Warren Buffett has changed his mind about investing in airline stocks — this time, for good. Back in 2007, the Oracle of Omaha had warned investors about the perils of investing in a capital-intensive sector that generates little profits, such as airlines.
In an investor letter, Buffett confirmed airline stocks can be one of the worst investments considering a durable competitive advantage has been elusive for several decades. Though airline companies continued to rake in sales, it was difficult to translate this growth into sustainable profits. This was due to a significant increase in competition and reinvestments to increase passenger capacity coupled with the addition of new traffic routes.
However, in the last decade, Buffett-owned Berkshire Hathaway owned stakes in four of the largest airline companies south of the border. While these airline stocks may not have been purchased by Buffett himself, this change in stance surely surprised investors.
According to Buffett, the airline industry landscape changed for the good in the U.S., as it had been dominated by just four major players since 2010, which accounted for 80% of the market.
However, the COVID-19 pandemic has hurt airline stocks like never before. As borders were shut, air travel came to a standstill. The global lockdowns have led to country-wide recessions, which will inevitably delay the recovery in airline companies. The capital-intensive nature of this business has meant companies are burning millions of dollars each day just to run their operations.
In May 2020, Warren Buffett accepted Berkshire had made a mistake by investing in the airline space and exited this sector for good.
Air Canada stock has lost 70% in 2020
Similar to its peers Air Canada (TSX:AC) has also burnt significant wealth in 2020. Air Canada was in fact one of the top-performing stocks of the last decade and returned a staggering 3,500% in that period. However, it is currently trading at $16.1, which is 70% below its record high of $52.71.
Will Warren Buffett buy this Canadian giant? Well, it is easy to connect the dots, and despite Air Canada’s 50% market share in the domestic market, Buffett is unlikely to venture anywhere near the company.
The COVID-19 pandemic may have changed the way the world conducts business. The acceleration towards remote work coupled with the after-effects of the coronavirus and a sluggish economy may lead to significantly lower traffic for airlines over the next few years.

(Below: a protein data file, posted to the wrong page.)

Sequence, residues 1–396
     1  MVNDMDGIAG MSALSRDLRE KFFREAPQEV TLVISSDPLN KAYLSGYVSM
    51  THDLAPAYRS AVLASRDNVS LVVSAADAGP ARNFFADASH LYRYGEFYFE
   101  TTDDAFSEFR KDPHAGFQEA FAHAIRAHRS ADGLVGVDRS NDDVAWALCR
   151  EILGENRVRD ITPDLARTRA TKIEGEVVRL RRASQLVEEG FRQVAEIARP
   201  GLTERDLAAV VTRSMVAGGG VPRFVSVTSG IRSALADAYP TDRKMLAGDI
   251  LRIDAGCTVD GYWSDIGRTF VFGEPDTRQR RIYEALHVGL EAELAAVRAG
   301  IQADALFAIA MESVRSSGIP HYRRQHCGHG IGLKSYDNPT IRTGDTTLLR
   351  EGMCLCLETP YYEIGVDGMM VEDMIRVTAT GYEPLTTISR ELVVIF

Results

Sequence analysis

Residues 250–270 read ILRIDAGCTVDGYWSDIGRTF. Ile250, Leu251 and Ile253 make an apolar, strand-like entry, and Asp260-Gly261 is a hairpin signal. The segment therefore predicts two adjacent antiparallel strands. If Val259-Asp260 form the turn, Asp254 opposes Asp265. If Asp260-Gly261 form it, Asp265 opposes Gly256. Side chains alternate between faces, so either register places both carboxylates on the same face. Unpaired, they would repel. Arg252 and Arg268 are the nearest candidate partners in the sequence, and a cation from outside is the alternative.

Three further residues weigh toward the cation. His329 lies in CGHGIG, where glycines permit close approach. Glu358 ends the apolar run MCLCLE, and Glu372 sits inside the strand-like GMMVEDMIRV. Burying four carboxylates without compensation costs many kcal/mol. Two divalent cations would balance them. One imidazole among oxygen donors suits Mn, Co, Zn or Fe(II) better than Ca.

Industry experts believe that air traffic will reach pre-COVID-19 levels only by the end of 2022. Further, one industry CEO expects the airline industry will be permanently smaller in a post-COVID-19 world.
The uncertainties are weighing heavily on Air Canada and peers, and we can see why investors remain wary of betting on this once high-flying Canadian giant. Air Canada sales were down 89% in the second quarter, and it reported a net loss of $1.75 billion.
Air Canada slashed 50% of its workforce and retired 79 of its aircraft to optimize the cost structure. While it ended Q2 with $9 billion in liquidity, Air Canada remains a high-risk investment right now.
Speaking of Canadian stocks to buy right now...
Renowned Canadian investor Iain Butler just named 10 stocks for Canadians to buy TODAY. So if you’re tired of reading about other people getting rich in the stock market, this might be a good day for you.
Because Motley Fool Canada is offering a full 65% off the list price of their top stock-picking service, plus a complete membership fee back guarantee on what you pay for the service. Simply click here to discover how you can take advantage of this.
The Motley Fool owns shares of and recommends Berkshire Hathaway (B shares) and recommends the following options: long January 2021 $200 calls on Berkshire Hathaway (B shares), short January 2021 $200 puts on Berkshire Hathaway (B shares), and short December 2020 $210 calls on Berkshire Hathaway (B shares). Fool contributor Aditya Raghunath has no position in any of the stocks mentioned.